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Christ on the Sea of Galilee, 1854

Oil on canvas
23 9/16 × 28 7/8 in
59.8 × 73.3 cm
location
Baltimore
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About the work
Provenance
Walters Art Museum
Baltimore
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Framed H with build-up: 35 3/4 x W: 40 11/16 x D: 5 3/4 in. (90.81 x 103.35 x 14.61 cm)

Link to The …

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Framed H with build-up: 35 3/4 x W: 40 11/16 x D: 5 3/4 in. (90.81 x 103.35 x 14.61 cm)

Link to The Walters Art Museum object page

Medium
Painting
Image rights
Image Provided by The Walters Art Museum
Eugène Delacroix
French, 1798–1863
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Romantic painter Eugène Delacroix was once described by the French poet Charles Baudelaire as “a volcanic crater artistically concealed beneath bouquets of flowers.” While drawing on Classical history and mythology—a favorite theme of Neoclassical artists—Delacroix was praised for his work’s spontaneity and power, vivid color, and pathos of movement. In Death of Sardanapalus (1827), figures and animals seem to writhe across the picture plane. Like Ingres, Delacroix was fascinated by the Orient, which includes present-day Turkey, Greece, and North Africa, visiting Morocco in 1832. Yet, instead of highlighting the seductive quality of his exotic subjects, Delacroix took an avid interest in the violence and cruelty in Oriental subjects. His lush palette and passionate brushwork would later greatly influence the development of both Impressionism and Post-Impressionism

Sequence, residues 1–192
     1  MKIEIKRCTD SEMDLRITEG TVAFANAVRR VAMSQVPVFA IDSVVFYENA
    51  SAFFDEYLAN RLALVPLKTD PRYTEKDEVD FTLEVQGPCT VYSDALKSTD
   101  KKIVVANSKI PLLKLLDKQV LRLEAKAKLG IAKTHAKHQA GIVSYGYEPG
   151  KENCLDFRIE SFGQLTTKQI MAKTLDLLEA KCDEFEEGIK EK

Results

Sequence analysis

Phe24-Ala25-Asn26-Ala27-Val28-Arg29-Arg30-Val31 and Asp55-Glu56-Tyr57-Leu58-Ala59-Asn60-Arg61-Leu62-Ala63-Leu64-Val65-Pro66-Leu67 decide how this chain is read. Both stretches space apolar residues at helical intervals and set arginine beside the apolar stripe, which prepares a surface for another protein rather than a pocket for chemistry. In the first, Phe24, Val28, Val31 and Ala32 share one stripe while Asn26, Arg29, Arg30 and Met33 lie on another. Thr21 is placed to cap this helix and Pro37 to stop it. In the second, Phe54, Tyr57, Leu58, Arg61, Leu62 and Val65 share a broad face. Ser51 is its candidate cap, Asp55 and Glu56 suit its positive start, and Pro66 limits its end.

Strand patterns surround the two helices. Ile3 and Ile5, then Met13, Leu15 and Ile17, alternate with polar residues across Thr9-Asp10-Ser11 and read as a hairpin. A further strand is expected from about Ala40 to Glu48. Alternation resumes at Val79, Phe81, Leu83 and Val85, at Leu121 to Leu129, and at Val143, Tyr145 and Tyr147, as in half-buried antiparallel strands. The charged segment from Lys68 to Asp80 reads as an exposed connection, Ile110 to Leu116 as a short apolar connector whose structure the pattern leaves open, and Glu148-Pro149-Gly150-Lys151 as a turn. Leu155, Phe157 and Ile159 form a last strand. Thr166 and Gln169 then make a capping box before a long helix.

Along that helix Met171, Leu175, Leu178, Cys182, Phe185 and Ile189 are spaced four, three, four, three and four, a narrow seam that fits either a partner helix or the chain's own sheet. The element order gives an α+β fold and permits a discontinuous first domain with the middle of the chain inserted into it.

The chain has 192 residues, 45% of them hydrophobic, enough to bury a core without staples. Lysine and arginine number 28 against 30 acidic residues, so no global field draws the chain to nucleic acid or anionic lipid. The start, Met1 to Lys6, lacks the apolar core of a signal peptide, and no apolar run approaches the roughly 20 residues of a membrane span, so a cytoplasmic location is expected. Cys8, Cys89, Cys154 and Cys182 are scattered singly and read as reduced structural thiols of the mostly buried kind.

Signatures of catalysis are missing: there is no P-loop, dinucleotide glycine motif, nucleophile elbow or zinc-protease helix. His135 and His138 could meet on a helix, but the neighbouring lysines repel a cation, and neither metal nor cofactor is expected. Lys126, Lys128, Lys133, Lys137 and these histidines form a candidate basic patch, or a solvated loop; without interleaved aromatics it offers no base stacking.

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view
View in room
share
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Save
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view
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About the work
Provenance
Walters Art Museum
Baltimore
Follow

Framed H with build-up: 35 3/4 x W: 40 11/16 x D: 5 3/4 in. (90.81 x 103.35 x 14.61 cm)

Link to The …

Read more

Framed H with build-up: 35 3/4 x W: 40 11/16 x D: 5 3/4 in. (90.81 x 103.35 x 14.61 cm)

Link to The Walters Art Museum object page

Medium
Painting
Image rights
Image Provided by The Walters Art Museum
Eugène Delacroix
French, 1798–1863
Follow

Romantic painter Eugène Delacroix was once described by the French poet Charles Baudelaire as “a volcanic crater artistically concealed beneath bouquets of flowers.” While drawing on Classical history and mythology—a favorite theme of Neoclassical artists—Delacroix was praised for his work’s spontaneity and power, vivid color, and pathos of movement. In Death of Sardanapalus (1827), figures and animals seem to writhe across the picture plane. Like Ingres, Delacroix was fascinated by the Orient, which includes present-day Turkey, Greece, and North Africa, visiting Morocco in 1832. Yet, instead of highlighting the seductive quality of his exotic subjects, Delacroix took an avid interest in the violence and cruelty in Oriental subjects. His lush palette and passionate brushwork would later greatly influence the development of both Impressionism and Post-Impressionism

Christ on the Sea of Galilee, 1854

Oil on canvas
23 9/16 × 28 7/8 in
59.8 × 73.3 cm
location
Baltimore
Want to sell a work by this artist? Consign with Artsy.
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